The Future of Digital Asset Funds and Fund Administration: Q&A with MG Stover

Our CEO Doug Schwenk spoke with Matthew Stover, Chief Executive Officer at MG Stover, to ask a few questions about the future of digital asset funds and fund administration.

For a .PDF version of this conversation, please click here.

Doug: What are the differences between servicing a digital asset fund and a TradFi hedge fund?

Matthew: The main difference is the portfolio. Fund administrators make sure the various transactions a fund manager throughout their reporting period are reconciled, as well as account for the digital asset ins and outs, buys and sells, staking income, lending, and more.

Additionally, a lot of funds have complex structures. We see a lot of open-ended hedge funds with a lot of private investment, so you’ll have side pockets. On the venture side, you see many close-end vehicles with liquid straight-track trading strategies. The portfolio can make it very complicated which can make the fund structure complicated, as well.

Doug: How do you help digital asset fund managers meet and exceed investors’ expectations?

Matthew: Entering the digital asset space can be daunting for investors because they might not have any digital asset exposure. They also might not be invested with the same fund managers that they would be in the traditional finance space. We provide assurances that their assets are safeguarded, which includes timely and accurate reporting and real-time P&Ls.

Doug: What are the issues around in-kind contributions and how do you think about solving them?

Matthew: There have been challenges that come with contributing a digital asset in-kind, or in place of fiat currency. The AML and KYC rules are specific by jurisdiction. Enhanced due diligence comes into play when you contribute in-kind. However, there’s a lot of automation fund administrators can utilize to allow investors to easily contribute in-kind, as well as, receive distributions in-kind. 

At MG Stover, we’ve created partnerships with custodians and data providers to provide data to ensure investors:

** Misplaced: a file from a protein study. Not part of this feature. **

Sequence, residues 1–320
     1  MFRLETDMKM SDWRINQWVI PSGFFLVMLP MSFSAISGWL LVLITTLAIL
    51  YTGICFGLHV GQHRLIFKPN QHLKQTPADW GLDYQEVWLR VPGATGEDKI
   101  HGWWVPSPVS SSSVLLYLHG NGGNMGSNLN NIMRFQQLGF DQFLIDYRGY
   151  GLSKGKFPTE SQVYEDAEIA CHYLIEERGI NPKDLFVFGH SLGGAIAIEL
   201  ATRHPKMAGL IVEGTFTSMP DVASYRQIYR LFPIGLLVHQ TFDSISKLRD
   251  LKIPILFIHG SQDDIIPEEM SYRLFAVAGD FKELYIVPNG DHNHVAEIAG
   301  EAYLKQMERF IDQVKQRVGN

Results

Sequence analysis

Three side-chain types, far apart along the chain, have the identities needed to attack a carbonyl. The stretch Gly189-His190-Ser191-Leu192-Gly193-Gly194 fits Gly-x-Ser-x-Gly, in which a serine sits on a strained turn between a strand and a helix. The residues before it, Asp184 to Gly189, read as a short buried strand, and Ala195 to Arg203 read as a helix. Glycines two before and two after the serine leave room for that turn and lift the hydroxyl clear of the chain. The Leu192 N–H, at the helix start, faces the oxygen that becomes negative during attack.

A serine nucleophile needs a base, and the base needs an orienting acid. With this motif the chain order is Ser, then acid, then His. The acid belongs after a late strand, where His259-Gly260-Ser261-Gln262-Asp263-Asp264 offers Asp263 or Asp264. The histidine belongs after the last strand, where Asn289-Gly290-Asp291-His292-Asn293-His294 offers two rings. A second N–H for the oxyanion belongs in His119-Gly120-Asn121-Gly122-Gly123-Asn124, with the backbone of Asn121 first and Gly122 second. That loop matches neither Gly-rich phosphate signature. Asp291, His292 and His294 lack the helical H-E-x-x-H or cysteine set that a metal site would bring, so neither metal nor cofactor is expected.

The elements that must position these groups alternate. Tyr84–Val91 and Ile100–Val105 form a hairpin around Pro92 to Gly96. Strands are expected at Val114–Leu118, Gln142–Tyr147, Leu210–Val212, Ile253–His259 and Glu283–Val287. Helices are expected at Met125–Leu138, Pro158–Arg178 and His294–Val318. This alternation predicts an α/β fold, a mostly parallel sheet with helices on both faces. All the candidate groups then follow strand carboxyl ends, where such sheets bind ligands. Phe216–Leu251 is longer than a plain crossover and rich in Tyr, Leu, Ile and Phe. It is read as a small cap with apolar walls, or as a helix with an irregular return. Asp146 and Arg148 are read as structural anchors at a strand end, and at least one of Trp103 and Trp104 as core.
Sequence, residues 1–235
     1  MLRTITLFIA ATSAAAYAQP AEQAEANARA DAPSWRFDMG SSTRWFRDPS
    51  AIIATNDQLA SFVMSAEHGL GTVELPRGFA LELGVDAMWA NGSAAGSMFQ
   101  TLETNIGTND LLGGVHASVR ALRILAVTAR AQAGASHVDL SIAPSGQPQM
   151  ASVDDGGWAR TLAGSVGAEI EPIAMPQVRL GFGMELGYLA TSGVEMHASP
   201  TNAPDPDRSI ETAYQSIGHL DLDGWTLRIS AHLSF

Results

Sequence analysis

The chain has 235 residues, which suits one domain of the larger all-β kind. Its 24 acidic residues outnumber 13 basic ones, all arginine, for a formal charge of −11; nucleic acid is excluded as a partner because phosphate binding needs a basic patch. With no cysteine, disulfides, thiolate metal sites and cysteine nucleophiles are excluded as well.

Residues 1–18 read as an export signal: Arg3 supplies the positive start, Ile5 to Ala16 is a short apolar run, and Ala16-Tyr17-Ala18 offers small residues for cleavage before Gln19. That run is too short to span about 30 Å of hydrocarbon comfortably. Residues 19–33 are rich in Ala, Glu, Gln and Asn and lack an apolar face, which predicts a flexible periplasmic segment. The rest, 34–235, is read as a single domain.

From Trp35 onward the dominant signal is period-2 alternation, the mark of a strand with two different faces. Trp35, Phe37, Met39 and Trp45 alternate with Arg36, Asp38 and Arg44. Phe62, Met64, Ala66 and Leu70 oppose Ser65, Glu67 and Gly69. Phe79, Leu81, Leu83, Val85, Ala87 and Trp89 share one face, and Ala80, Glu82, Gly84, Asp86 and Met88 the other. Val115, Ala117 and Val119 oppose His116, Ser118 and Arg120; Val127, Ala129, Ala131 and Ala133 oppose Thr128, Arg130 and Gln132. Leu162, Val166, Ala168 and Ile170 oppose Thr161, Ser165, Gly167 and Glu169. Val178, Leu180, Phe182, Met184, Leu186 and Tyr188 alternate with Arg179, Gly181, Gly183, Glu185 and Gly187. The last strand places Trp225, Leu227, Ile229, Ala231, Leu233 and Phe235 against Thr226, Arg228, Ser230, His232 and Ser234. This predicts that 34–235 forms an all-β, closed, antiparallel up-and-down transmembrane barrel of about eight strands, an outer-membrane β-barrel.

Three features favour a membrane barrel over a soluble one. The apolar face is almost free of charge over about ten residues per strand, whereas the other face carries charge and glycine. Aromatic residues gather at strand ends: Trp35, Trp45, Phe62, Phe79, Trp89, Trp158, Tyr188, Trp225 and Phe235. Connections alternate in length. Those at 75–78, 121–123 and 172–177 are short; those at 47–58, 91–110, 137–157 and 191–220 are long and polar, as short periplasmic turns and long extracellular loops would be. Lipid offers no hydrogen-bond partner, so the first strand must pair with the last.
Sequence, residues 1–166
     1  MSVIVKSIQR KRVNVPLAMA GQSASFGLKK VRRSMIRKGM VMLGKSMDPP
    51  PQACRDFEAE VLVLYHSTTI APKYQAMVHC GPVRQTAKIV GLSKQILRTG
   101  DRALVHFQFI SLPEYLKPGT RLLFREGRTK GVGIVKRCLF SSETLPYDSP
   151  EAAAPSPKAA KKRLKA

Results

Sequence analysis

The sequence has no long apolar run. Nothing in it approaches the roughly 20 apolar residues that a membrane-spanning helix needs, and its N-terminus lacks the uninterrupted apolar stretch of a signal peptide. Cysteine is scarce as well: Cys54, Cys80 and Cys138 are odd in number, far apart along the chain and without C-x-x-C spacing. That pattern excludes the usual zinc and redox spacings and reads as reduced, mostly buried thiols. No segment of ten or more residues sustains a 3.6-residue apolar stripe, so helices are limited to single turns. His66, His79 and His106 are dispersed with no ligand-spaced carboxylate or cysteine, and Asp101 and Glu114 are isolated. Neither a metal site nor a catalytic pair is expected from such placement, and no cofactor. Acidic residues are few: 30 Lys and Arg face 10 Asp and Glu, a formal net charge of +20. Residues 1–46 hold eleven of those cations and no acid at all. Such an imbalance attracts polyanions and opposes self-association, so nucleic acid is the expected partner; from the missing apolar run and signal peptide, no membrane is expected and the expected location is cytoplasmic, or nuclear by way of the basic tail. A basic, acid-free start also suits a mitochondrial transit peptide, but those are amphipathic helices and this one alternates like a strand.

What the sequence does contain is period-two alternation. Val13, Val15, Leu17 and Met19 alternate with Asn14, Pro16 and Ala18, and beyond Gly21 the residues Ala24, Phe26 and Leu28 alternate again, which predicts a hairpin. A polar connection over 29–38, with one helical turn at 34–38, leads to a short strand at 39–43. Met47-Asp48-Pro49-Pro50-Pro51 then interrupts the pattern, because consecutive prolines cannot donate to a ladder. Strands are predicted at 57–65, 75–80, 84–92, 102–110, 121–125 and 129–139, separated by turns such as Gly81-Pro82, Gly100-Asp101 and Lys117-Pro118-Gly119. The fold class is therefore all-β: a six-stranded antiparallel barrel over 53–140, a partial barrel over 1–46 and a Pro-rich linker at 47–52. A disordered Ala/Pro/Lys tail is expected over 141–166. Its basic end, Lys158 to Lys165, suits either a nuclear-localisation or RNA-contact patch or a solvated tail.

• Are who they say they are 
  • Have funds to contribute
  • Have the ability to track the coins that are being contributed to make sure that they weren’t associated with politically exposed persons or known terrorists

Doug: What are the biggest trends impacting digital asset funds and fund administration in 2024?

Matthew: With the adoption of the Bitcoin ETF in 2024, there’s a big move of institutional money that has gotten much more pronounced. There’s also been more venture capital entering the digital asset space. New investors without previous exposure to digital asset funds have entered the space this year. We’re also seeing investors taking money off the table now that they’ve recouped losses. 

With every year that passes in crypto, more of the framework around the asset class as a whole continues to strengthen and grow. New providers, better controls, and better clarity around regulatory uncertainty are pushing crypto in the right direction.

Doug: What advice do you give digital asset fund managers to enhance their reporting capabilities?

Matthew: The biggest key is selecting high-quality service providers. There are a lot of back-office operations where people are trading without good real-time pricing data for trade execution, risk management, or back-office reporting. You can always augment proprietary technology, and there are a lot of solutions to get fund managers up and running quicker than building reporting infrastructure themselves.

Learn more about MG Stover’s institutional-grade services here.